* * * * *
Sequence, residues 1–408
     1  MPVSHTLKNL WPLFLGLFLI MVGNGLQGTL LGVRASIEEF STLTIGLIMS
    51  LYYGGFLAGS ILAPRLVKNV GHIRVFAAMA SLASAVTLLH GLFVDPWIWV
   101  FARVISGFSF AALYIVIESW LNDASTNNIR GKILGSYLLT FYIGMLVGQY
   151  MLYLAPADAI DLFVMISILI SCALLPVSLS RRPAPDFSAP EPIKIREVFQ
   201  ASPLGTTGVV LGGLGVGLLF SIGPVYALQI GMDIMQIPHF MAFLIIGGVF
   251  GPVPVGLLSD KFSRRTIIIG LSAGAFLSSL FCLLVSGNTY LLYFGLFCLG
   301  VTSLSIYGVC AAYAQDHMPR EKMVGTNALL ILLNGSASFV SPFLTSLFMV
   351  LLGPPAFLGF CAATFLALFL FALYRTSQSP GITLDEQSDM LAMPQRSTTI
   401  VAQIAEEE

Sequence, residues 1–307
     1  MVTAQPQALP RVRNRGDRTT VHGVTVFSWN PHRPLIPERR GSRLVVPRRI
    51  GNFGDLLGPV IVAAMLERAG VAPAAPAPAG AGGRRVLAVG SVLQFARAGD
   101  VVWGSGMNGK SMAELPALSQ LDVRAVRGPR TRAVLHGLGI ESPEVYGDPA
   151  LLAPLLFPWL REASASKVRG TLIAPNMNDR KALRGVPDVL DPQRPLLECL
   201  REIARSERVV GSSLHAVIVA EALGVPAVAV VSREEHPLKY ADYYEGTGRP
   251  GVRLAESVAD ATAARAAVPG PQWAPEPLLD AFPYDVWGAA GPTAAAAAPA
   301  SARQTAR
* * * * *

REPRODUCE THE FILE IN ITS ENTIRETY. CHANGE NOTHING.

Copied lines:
Sequence, residues 1–408
     1  MPVSHTLKNL WPLFLGLFLI MVGNGLQGTL LGVRASIEEF STLTIGLIMS
    51  LYYGGFLAGS ILAPRLVKNV GHIRVFAAMA SLASAVTLLH GLFVDPWIWV
   101  FARVISGFSF AALYIVIESW LNDASTNNIR GKILGSYLLT FYIGMLVGQY
   151  MLYLAPADAI DLFVMISILI SCALLPVSLS RRPAPDFSAP EPIKIREVFQ
   201  ASPLGTTGVV LGGLGVGLLF SIGPVYALQI GMDIMQIPHF MAFLIIGGVF
   251  GPVPVGLLSD KFSRRTIIIG LSAGAFLSSL FCLLVSGNTY LLYFGLFCLG
   301  VTSLSIYGVC AAYAQDHMPR EKMVGTNALL ILLNGSASFV SPFLTSLFMV
   351  LLGPPAFLGF CAATFLALFL FALYRTSQSP GITLDEQSDM LAMPQRSTTI
   401  VAQIAEEE

Sequence, residues 1–307
     1  MVTAQPQALP RVRNRGDRTT VHGVTVFSWN PHRPLIPERR GSRLVVPRRI
    51  GNFGDLLGPV IVAAMLERAG VAPAAPAPAG AGGRRVLAVG SVLQFARAGD
   101  VVWGSGMNGK SMAELPALSQ LDVRAVRGPR TRAVLHGLGI ESPEVYGDPA
   151  LLAPLLFPWL REASASKVRG TLIAPNMNDR KALRGVPDVL DPQRPLLECL
   201  REIARSERVV GSSLHAVIVA EALGVPAVAV VSREEHPLKY ADYYEGTGRP
   251  GVRLAESVAD ATAARAAVPG PQWAPEPLLD AFPYDVWGAA GPTAAAAAPA
   301  SARQTAR